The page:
At the age of 48, I experienced tightness of the left calf and painful clenching of the toes (dystonia) when trail running, enough to bring me to a standstill.

This was initially on long runs and only downhill.

Over a number of months, it progressed until it was occurring on the flat after 20 minutes and eventually on longer walks.

Although not a common symptom, dystonia is more likely to be found in young-onset Parkinson’s disease (Riboldi et al 2022).

The initial presenting symptoms of PD can vary enormously and may include non-motor symptoms such as constipation, loss of smell, fatigue, depression and REM sleep behaviour disorder (Bloem et al 2021).

Soon I started developing crawling sensations in my lower legs at rest but never in a dermatomal pattern.

I saw a physiotherapist, a neurologist and a sports physician.

I completed numerous tests including a full spine MRI, a brain MRI and nerve and muscle conduction studies, which were all normal.

Over the course of two years the symptoms continued to progress.

I felt rotated to the left when walking (left-sided bradykinesia) and my left hip (adductors and internal rotators) and shoulder (internal rotators) were stiff.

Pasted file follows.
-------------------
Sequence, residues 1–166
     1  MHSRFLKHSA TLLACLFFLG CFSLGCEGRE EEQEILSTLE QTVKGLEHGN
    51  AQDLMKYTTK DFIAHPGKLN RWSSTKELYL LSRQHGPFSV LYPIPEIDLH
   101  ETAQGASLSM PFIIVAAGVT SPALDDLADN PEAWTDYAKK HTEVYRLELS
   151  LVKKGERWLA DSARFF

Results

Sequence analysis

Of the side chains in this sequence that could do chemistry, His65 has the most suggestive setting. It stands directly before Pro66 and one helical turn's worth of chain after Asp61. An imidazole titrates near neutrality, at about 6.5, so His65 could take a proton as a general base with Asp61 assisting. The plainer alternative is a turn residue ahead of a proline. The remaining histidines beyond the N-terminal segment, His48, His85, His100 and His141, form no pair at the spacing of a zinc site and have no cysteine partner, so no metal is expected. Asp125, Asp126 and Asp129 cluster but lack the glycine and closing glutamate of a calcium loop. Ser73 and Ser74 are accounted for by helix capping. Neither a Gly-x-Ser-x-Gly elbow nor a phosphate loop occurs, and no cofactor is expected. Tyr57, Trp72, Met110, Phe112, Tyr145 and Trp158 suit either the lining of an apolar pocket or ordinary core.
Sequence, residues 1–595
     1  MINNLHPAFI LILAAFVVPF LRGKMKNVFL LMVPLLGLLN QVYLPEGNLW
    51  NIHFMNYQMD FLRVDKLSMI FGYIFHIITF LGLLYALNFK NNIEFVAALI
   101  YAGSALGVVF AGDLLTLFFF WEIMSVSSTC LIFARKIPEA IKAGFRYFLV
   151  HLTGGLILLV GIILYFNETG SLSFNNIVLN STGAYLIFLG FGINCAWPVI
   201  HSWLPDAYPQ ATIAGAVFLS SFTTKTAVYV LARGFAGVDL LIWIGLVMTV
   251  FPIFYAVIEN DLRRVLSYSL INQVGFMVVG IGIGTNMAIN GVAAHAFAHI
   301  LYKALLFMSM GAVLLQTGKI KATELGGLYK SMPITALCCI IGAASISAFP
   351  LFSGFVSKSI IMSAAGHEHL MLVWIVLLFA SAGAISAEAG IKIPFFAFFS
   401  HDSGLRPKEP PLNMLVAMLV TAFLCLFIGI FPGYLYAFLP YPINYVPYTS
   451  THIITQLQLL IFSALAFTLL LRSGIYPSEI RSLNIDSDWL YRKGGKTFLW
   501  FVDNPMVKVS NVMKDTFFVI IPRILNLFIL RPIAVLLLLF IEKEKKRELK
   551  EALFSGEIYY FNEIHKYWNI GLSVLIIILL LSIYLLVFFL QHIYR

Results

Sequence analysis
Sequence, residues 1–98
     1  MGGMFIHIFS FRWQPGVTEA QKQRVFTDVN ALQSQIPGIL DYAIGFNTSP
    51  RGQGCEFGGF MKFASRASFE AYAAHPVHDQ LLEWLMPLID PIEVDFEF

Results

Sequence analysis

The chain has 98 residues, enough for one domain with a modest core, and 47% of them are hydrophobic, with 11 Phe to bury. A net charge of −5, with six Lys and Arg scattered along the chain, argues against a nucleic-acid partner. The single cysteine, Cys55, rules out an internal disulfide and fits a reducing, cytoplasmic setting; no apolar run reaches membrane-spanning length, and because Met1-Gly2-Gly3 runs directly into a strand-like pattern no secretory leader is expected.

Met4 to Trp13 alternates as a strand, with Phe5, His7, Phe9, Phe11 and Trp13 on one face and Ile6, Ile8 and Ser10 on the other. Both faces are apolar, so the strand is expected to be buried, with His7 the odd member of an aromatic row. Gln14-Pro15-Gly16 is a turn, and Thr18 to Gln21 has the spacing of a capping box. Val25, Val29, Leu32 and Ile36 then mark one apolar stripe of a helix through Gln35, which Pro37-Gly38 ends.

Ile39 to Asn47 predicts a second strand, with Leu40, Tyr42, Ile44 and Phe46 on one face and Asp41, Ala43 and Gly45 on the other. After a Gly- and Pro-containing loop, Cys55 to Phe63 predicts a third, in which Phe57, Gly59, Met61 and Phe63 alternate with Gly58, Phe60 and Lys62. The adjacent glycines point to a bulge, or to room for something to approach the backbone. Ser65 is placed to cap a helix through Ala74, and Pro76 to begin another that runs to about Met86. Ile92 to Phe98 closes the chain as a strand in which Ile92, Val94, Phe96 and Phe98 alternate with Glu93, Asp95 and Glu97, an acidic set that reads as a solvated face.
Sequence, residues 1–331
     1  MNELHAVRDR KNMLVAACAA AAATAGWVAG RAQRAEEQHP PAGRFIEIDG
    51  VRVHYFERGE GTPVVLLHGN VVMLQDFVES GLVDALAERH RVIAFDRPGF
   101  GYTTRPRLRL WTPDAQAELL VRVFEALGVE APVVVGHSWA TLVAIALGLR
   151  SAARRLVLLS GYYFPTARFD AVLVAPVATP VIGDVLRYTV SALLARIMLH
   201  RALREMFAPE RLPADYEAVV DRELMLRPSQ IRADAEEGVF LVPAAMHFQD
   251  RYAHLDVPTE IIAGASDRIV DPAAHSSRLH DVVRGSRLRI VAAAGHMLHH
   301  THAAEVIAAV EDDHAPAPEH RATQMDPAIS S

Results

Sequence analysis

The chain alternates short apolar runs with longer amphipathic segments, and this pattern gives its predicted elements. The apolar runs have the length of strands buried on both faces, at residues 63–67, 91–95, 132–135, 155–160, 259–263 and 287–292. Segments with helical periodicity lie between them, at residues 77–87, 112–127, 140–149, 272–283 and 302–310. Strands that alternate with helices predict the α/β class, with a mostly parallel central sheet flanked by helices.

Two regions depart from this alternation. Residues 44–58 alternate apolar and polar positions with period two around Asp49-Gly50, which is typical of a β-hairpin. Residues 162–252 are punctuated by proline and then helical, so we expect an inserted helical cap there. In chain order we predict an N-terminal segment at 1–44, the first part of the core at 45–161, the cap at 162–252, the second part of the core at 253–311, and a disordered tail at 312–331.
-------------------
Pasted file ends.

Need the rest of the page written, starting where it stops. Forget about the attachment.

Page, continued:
I noted weakness in my hip extensors, abductors and external rotators (perhaps from my new walking pattern and stiffness).

Despite having worked in neurological rehabilitation for most of my career, I didn’t initially think of PD due to my age.

I started having trouble typing (I thought I was working too hard in my research job).

My left arm movements were slower and I’d occasionally miss accurately picking up a cup.

Perhaps it was multiple sclerosis?

My left arm stopped swinging (noticed by my good friend, a geriatrician) and rapid alternating arm and finger movements got smaller and smaller.

The ‘icing on the cake’ was a left-sided tremor.

I went back to see the same neurologist who suspected PD and was referred to a movement disorder specialist, who made the diagnosis based on my symptoms and trial of levodopa—two years after my initial symptoms.